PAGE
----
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Federal Judge Roger Benitez’s overturning of California’s 32-year assault weapons ban has brought the debate to the media limelight all over again, giving both sides of the argument new occasion to aggravate each other.

While I’m thrilled about this step in the right direction for California, the issue is far from over and we should probably hang back and wait for the appeals court to do its thing before celebrating too hard.

Until then though, let’s quickly discuss a small sub argument being had in the background of this larger debate.

In recent years, as the term “assault rifle” was relentlessly demonized by the media and anti-gun groups, those in the firearms industry started to employ the term “modern sporting rifle.”
Naturally, use of this term only further angered anti-second amendment groups because they felt it was a blatant attempt to steer the conversation away from gun violence issues.

Maybe it was a strategic move on the industry’s part to move the conversation in a more positive direction. Semantics do matter after all. However, no matter the industry’s motivation for renaming the 21st Century’s favorite firearm, there is no doubt that “modern sporting rifle” is a true and honest term to describe the AR-15, AK-47, G3 and all their cool cousins.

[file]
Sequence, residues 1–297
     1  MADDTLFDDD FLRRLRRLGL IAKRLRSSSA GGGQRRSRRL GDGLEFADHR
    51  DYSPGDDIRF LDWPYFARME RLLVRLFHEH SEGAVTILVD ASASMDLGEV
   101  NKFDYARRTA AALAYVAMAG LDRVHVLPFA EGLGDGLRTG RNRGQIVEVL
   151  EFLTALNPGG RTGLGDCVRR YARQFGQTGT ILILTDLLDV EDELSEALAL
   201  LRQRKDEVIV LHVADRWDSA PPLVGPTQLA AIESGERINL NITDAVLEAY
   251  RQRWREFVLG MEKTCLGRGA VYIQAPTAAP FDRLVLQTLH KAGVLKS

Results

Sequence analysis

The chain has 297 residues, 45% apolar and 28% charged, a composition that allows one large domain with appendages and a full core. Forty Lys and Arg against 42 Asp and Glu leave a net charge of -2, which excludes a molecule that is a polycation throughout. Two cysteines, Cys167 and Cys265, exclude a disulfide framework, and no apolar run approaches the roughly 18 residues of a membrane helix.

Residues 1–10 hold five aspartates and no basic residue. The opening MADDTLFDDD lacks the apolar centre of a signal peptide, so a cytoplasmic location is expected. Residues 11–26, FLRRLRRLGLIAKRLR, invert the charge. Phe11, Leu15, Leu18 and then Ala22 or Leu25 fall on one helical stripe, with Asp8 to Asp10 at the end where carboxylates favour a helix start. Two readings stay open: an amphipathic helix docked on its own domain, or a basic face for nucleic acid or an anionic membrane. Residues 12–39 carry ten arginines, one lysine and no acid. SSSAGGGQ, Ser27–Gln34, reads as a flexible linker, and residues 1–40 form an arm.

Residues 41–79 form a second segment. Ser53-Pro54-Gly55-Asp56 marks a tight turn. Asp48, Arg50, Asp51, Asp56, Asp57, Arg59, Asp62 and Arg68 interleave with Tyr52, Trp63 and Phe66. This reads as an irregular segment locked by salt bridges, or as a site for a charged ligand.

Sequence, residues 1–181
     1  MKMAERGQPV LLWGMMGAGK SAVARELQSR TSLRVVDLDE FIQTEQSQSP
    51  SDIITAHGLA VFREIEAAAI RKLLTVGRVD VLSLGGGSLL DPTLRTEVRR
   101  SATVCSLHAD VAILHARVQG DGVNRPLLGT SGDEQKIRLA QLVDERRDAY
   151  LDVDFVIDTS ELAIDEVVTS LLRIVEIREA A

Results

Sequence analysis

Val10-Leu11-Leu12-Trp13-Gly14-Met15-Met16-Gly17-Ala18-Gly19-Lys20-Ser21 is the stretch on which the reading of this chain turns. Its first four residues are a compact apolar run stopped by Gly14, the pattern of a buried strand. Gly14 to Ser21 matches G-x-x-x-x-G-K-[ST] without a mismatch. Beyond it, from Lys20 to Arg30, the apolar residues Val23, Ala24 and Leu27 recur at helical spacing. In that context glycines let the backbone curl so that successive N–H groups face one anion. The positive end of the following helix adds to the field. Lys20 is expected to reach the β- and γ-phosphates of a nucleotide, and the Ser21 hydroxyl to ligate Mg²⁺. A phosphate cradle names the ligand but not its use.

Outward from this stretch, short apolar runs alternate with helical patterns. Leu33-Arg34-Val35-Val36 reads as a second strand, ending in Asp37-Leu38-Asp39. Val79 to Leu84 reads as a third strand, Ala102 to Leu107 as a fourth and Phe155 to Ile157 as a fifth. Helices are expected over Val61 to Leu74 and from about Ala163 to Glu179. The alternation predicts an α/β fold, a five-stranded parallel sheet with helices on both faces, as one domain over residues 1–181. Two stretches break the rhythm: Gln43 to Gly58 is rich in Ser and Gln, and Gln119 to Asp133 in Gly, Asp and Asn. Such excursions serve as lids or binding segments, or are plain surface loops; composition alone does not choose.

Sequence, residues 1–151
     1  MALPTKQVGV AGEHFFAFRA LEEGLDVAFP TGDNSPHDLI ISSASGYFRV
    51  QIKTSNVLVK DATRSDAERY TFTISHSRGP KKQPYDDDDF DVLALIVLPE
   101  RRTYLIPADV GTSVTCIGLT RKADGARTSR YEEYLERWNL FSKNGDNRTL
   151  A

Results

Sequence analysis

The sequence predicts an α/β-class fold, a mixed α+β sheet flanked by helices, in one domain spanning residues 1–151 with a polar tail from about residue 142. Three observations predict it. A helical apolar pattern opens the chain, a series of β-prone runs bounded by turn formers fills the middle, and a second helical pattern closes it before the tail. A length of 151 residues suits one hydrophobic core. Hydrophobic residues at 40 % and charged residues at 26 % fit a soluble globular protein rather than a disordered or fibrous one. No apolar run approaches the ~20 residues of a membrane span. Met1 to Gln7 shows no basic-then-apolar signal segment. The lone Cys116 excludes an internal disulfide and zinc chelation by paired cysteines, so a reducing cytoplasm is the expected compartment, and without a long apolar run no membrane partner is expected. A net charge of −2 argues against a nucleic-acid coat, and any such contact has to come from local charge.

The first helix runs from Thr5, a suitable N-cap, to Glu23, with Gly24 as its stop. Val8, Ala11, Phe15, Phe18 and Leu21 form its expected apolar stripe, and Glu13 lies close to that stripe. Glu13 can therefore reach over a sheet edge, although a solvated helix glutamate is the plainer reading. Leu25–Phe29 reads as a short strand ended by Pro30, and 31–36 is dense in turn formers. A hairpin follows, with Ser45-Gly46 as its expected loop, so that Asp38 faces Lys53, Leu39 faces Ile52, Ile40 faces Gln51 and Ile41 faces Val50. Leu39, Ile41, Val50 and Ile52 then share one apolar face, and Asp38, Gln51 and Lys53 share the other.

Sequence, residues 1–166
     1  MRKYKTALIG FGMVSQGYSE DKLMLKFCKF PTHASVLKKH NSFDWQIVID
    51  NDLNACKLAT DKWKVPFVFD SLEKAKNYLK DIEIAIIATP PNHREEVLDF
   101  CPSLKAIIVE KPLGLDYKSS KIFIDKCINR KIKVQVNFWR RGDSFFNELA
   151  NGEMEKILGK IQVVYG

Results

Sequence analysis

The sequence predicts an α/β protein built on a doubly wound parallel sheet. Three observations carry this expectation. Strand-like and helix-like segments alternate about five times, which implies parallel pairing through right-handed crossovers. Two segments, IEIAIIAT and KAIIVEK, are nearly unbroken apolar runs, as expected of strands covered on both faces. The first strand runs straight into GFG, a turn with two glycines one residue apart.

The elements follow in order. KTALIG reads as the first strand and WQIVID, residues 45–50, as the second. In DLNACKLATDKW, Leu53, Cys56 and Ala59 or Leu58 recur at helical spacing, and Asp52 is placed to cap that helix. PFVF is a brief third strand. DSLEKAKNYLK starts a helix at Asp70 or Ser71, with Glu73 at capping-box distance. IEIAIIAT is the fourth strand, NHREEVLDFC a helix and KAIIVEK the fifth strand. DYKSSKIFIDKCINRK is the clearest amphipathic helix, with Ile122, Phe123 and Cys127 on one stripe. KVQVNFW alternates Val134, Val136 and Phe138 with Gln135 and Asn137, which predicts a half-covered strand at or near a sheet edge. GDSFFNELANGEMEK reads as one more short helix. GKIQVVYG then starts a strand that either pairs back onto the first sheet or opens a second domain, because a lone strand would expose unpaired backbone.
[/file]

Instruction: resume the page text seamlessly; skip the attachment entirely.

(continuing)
In comparison to their heavy framed, wooden stock, iron sight grandfathers, AR-15s are undoubtedly “modern.” Attend any formal shooting sports competition across the country and you’ll find a truckload of gorgeous, customized AR-15s — making it a “sporting rifle” as well. Some states even allow hunters to use ARs in the field. Thus, ARs are indeed the “modern sporting rifle.”

And there’s good reason for the AR’s takeover in modern shooting sports. They’re the little black dress of rifles – fit for all occasions and well suited for a variety of shooters. They’re lightweight, compact, accurate, tons of fun to shoot and easily customized to a shooter’s unique needs and preferences.

As the California ruling continues to spur discussion, it remains more important than ever for shooting enthusiasts to articulately and accurately define the terms of this important national debate.

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1 year ago


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